4 Blood Groups RBC membrane antigens ABO blood groups A & B antigens Preformed antibodies It s worth repeating that even our own body cells have glycoprotein antigens in their plasma membranes. Our lymphocytes do not produce antibodies against these antigens, though, because the body knows which antigens are supposed to be there. The specific antigens found on the membranes of erythrocytes determines a person s blood group. While there are dozens of erythrocyte antigens, only a small number are clinically important and need to be taken into account when doing a blood transfusion. ABO blood groups are one clinically important set of blood groups. A persons ABO blood type is determined by the presence or absence of two specific antigens on the red blood cell membranes: antigen A and antigen B. A person s RBC s can have both antigens (type AB), neither antigen (type O), just the A antigen (type A), or just the B antigen (type B). Please remember that the blood type indicates which antigens are found on the RBC membranes. There s a twist here! Through the miracle of modern human development, your blood will automatically form antibodies against whichever of these antigens you don t have on your RBCs. If you re blood type A (and just have A antigens on the cells), I guarantee you ve got anti-b antibodies in your blood plasma. Likewise, if you have blood type B (and just have B antigens on the cells), your blood plasma has anti-a antibodies. If your blood type is O (so you don t have either A or B antigens on your cells), your plasma will have both anti-a and anti-b antibodies. If your blood type is AB (so you ve got both antigens), your blood will not have formed either antibody. Since these antibodies are formed without (post-natal) exposure, we call them preformed antibodies. 4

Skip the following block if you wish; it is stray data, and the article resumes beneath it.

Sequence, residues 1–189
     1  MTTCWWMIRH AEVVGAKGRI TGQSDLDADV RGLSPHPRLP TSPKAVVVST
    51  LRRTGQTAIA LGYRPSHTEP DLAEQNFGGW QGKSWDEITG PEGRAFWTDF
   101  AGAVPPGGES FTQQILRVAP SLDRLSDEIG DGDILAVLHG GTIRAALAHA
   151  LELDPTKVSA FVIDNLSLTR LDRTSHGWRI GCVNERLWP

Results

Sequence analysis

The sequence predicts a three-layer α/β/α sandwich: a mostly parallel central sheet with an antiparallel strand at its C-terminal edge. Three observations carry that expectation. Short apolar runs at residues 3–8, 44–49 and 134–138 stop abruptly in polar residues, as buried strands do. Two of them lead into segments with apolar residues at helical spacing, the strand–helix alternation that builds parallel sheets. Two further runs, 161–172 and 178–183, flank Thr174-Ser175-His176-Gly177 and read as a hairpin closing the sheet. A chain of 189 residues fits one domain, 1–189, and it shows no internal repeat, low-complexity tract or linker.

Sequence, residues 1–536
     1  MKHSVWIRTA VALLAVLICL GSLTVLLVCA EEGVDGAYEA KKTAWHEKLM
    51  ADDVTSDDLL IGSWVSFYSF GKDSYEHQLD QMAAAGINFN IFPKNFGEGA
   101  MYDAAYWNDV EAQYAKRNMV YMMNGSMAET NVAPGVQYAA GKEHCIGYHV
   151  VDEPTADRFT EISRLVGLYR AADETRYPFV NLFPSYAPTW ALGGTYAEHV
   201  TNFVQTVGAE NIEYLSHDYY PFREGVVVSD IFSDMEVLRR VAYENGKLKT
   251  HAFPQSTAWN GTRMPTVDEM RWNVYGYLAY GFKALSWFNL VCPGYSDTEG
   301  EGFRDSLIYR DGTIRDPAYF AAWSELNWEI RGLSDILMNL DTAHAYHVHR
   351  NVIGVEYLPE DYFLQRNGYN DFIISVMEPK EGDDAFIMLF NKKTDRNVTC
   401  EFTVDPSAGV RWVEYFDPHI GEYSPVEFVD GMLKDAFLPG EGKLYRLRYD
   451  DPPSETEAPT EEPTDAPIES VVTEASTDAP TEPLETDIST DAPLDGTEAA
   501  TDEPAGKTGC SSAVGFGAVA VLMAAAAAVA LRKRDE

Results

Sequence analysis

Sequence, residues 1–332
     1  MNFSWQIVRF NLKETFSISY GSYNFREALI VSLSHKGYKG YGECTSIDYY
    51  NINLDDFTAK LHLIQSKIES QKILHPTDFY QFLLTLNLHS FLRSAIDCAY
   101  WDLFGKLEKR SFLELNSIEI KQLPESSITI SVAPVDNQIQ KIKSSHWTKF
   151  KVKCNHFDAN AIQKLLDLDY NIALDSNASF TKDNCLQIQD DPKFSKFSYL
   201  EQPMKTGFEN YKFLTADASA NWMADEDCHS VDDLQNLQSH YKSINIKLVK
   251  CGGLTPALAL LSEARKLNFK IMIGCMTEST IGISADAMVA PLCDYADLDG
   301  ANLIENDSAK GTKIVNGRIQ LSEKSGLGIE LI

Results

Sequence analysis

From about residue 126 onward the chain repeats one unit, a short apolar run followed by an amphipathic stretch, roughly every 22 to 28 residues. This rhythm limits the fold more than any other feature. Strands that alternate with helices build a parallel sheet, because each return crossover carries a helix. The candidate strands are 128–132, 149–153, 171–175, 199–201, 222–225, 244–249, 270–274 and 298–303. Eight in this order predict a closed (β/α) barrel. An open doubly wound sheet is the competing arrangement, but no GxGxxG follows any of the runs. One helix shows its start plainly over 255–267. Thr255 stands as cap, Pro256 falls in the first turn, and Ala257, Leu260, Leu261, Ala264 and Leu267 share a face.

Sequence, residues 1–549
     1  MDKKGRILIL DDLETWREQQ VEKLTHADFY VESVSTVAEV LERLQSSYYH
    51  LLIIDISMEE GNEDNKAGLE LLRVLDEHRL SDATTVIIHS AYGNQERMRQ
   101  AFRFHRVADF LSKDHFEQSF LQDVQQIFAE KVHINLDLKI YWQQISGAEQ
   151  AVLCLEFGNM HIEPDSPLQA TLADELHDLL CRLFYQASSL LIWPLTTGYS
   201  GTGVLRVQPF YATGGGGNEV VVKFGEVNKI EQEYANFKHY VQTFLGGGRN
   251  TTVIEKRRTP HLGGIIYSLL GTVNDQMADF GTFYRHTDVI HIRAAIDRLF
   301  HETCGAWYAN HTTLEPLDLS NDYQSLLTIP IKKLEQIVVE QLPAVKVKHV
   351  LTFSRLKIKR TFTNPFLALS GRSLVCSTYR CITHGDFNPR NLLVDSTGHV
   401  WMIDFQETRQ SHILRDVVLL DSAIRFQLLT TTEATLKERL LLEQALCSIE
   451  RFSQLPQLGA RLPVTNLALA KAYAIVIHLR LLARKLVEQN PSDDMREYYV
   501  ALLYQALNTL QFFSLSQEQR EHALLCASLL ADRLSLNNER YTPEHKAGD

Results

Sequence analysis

5 Blood Groups If someone has blood type A A What antigens are in the RBC membranes? What antibodies are in the plasma? Can she receive blood cells from a type A donor? What about type B? Type AB? Type O? Remember that when an antibody encounters its specific antigen, it will bind to it and cause agglutination. When blood cells are transfused, it is important to make sure that the recipient s blood plasma does not have antibodies against any ABO antigens on the donated blood cells. If someone has blood type A The RBC membranes will have A antigens, which means that their blood plasma will have anti-b antibodies. This person can receive blood cells from another type A donor (because only cells with the B antigen will be attacked). This person cannot receive blood cells from a type B or type AB donor, though, since the B antibodies in the recipient s plasma will bind to the B antigens on those cells and cause agglutination. Type O is fine, since type O cells don t have either A or B antigens. In fact, type O cells are always fine. There are no A or B antigens to bind to. For this reason, type is considered a universal donor. 5